Effects of work ability and health promoting interventions for women with musculoskeletal symptoms: A 9-month prospective study
Research output: Contribution to journal › Article
Background: Women working in the public human service sector in 'overstrained' situations run the risk of musculoskeletal symptoms and long-term sick leave. In order to maintain the level of health and work ability and strengthen the potential resources for health, it is important that employees gain greater control over decisions and actions affecting their health - a process associated with the concept of self-efficacy. The aim of this study was to describe the effects of a self-efficacy intervention and an ergonomic education intervention for women with musculoskeletal symptoms, employed in the public sector. Methods: The design of the study was a 9-month prospective study describing the effects of two interventions, a comprehensive self-efficacy intervention (n = 21) and an ergonomic education intervention ( n = 21). Data were obtained by a self-report questionnaire on health-and work ability-related factors at baseline, and at ten weeks and nine months follow-up. Within-group differences over time were analysed. Results: Over the time period studied there were small magnitudes of improvements within each group. Within the self-efficacy intervention group positive effects in perceived work ability were shown. The ergonomic education group showed increased positive beliefs about future work ability and a more frequent use of pain coping strategies. Conclusion: Both interventions showed positive effects on women with musculoskeletal symptoms, but in different ways. Future research in this area should tailor interventions to participants' motivation and readiness to change.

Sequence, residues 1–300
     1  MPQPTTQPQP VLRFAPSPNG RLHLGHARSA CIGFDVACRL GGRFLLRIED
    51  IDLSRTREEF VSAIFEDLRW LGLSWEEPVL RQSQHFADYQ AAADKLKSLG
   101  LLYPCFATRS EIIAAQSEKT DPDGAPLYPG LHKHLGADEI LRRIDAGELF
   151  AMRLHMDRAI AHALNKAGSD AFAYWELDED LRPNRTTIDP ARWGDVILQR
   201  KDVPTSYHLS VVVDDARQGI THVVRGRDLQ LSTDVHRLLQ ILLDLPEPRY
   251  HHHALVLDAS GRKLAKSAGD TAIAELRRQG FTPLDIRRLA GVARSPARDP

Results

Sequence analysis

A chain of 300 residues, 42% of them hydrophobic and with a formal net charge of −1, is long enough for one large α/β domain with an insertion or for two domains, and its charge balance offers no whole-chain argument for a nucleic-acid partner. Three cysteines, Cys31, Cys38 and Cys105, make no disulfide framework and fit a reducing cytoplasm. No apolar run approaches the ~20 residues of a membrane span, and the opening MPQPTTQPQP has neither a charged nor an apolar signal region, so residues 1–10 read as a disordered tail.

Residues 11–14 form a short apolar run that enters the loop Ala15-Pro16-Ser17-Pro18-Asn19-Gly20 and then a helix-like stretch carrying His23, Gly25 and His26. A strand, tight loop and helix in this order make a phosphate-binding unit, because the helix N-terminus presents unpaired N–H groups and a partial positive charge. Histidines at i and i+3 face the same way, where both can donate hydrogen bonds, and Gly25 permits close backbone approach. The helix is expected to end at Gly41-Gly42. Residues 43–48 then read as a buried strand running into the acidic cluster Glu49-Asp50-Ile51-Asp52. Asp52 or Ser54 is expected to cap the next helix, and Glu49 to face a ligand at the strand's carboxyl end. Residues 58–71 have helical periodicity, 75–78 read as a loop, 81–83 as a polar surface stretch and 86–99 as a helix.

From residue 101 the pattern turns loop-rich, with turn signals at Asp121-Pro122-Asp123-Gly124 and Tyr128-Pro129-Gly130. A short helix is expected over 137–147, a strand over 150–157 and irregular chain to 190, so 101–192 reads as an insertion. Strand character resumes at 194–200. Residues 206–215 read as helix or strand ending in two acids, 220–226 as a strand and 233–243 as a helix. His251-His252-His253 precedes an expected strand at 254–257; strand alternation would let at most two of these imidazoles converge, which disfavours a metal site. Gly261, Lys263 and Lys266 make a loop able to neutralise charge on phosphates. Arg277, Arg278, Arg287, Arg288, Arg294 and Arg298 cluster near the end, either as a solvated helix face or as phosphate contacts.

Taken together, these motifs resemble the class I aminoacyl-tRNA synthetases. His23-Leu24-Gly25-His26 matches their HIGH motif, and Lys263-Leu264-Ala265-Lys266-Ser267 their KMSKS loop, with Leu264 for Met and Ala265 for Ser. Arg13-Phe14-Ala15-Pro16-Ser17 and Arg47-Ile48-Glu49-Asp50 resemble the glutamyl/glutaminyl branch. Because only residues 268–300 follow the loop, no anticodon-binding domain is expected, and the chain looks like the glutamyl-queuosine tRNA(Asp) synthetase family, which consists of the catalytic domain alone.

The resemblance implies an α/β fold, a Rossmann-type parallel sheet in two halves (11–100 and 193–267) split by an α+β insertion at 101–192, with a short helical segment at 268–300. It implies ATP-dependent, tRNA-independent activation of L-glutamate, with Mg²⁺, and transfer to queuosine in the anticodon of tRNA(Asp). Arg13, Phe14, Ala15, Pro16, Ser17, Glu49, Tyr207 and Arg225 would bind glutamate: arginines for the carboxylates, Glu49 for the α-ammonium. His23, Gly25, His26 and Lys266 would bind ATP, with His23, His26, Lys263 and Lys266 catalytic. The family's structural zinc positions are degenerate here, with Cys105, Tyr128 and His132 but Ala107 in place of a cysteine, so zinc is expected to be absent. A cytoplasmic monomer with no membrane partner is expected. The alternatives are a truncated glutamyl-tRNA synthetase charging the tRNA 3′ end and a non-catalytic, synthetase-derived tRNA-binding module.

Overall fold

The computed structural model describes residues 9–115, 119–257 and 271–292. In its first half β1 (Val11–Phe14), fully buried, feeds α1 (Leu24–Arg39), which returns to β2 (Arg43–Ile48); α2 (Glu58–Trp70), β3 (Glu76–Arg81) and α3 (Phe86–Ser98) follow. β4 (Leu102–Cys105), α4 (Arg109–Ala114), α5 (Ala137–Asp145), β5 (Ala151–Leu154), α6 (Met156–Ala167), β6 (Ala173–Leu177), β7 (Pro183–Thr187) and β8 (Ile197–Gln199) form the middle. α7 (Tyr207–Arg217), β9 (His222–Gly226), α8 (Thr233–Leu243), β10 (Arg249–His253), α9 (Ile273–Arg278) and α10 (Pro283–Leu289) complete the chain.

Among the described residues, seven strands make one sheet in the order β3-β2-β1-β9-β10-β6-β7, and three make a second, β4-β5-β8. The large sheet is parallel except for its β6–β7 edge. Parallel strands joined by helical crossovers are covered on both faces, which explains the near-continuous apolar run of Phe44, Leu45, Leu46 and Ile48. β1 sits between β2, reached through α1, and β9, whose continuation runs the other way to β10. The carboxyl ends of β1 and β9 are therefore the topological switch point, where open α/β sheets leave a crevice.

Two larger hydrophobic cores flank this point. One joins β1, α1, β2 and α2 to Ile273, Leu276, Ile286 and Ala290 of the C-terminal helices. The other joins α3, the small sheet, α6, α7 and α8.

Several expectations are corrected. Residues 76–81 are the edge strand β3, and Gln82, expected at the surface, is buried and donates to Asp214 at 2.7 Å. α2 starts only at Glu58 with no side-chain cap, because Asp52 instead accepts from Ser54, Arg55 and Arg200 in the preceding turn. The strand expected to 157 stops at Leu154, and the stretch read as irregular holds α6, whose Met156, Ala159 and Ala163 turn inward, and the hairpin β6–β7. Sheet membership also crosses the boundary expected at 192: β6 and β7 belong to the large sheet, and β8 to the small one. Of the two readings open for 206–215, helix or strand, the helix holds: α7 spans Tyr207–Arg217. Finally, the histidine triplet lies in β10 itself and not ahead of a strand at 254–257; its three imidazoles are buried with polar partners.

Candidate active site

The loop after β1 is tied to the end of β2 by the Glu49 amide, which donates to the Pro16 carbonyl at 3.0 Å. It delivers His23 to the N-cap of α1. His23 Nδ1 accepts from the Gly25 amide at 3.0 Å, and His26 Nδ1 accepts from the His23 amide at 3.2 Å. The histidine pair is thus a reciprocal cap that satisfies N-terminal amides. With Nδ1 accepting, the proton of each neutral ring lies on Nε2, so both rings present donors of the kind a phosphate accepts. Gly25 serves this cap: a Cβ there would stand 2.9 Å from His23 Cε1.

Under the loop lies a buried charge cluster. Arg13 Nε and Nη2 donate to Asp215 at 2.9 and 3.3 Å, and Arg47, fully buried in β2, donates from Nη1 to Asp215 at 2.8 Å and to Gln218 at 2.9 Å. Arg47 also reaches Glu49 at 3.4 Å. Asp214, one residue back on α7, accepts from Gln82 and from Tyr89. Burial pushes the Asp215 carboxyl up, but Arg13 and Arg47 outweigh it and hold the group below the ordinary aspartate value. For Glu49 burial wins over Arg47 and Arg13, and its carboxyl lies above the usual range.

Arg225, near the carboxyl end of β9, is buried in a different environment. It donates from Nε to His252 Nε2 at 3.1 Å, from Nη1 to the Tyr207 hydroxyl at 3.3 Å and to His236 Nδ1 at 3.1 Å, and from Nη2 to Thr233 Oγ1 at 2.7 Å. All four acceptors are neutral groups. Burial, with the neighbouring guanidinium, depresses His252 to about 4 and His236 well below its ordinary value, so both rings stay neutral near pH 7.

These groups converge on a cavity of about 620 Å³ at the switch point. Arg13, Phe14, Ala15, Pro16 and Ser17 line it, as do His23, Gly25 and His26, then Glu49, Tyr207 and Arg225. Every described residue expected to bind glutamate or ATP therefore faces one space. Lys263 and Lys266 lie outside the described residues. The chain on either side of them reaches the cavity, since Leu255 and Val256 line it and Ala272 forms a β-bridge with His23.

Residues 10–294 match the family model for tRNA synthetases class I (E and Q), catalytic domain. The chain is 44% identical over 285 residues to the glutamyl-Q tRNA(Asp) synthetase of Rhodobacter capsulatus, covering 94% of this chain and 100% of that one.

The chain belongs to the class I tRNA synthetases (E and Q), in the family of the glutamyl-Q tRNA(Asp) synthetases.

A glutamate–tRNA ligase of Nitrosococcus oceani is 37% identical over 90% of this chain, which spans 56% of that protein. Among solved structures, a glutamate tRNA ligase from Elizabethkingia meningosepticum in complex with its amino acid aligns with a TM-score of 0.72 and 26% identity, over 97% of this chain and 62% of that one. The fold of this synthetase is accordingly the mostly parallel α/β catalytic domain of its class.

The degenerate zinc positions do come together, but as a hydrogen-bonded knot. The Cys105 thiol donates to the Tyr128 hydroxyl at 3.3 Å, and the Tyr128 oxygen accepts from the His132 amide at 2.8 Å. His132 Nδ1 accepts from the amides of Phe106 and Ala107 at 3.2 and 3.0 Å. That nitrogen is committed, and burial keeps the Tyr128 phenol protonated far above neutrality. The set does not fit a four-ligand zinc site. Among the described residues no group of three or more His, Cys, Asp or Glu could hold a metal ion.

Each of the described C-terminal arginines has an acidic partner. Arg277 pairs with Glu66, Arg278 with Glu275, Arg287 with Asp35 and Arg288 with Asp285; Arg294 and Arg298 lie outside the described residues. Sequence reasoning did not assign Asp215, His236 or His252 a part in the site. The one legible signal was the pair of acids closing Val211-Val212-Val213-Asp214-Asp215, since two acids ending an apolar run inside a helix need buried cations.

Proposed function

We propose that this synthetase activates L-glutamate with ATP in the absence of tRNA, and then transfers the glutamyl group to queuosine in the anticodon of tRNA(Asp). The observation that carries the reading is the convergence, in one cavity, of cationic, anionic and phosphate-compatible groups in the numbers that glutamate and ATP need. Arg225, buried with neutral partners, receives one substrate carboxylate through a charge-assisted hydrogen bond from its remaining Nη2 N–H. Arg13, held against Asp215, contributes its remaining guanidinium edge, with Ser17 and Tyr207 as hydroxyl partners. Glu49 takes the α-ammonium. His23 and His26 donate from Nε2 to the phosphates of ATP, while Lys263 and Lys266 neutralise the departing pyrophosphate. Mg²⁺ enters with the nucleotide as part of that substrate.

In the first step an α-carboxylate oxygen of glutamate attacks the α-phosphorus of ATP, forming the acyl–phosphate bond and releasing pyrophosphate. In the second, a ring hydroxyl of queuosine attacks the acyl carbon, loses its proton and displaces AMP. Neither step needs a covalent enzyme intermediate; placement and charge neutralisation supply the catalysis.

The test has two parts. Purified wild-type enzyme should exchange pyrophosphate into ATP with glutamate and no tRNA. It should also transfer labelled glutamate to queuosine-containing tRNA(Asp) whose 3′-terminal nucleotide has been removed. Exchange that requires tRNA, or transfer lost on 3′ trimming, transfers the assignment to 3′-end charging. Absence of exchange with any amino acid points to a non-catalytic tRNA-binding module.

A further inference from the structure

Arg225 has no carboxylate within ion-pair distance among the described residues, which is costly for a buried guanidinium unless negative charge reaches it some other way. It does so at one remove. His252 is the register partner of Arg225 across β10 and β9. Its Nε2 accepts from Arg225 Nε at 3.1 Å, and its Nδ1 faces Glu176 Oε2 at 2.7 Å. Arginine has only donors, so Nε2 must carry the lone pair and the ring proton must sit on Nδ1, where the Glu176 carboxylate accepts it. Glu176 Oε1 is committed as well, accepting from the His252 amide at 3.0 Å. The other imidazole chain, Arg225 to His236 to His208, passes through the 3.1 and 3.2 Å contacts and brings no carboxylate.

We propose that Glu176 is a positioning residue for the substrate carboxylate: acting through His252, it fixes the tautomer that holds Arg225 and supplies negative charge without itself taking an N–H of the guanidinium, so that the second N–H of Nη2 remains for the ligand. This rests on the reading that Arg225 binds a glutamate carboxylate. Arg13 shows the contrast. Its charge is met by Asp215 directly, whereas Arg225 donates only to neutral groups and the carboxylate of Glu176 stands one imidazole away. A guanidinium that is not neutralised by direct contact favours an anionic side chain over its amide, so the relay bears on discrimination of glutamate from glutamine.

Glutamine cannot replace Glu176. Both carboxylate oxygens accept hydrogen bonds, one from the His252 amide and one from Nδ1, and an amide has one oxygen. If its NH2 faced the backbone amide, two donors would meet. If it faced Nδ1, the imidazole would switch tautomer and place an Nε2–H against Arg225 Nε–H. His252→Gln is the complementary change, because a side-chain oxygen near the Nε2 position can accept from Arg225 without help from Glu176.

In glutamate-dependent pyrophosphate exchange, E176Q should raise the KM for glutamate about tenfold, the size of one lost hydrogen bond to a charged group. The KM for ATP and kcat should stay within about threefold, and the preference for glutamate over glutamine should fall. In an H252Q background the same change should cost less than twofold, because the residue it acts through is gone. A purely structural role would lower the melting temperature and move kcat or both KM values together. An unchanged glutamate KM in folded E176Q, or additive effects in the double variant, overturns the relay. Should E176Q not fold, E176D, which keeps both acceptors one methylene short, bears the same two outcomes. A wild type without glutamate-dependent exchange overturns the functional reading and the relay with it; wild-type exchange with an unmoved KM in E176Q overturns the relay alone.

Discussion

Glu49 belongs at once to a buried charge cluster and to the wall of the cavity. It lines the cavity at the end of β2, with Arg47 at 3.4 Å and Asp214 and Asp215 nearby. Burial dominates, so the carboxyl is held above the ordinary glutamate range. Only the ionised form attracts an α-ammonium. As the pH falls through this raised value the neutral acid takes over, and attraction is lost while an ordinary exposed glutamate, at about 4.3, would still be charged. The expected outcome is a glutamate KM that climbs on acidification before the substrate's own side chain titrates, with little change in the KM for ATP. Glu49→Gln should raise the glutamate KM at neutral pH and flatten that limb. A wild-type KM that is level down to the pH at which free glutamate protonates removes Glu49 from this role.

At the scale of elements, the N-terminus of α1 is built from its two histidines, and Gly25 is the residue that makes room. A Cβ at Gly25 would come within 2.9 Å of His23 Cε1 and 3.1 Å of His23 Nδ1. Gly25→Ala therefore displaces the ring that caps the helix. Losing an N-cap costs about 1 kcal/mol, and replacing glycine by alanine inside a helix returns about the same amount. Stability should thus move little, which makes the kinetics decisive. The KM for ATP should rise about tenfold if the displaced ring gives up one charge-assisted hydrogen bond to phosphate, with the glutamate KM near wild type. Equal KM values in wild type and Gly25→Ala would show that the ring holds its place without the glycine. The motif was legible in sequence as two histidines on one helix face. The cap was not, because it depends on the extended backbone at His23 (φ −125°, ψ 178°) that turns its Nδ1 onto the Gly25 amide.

|Research areas and keywords||
Subject classification (UKÄ) – MANDATORY
|Journal||BMC Musculoskeletal Disorders|
|Publication status||Published - 2008|
The information about affiliations in this record was updated in December 2015. The record was previously connected to the following departments: Division of Physiotherapy (Closed 2012) (013042000)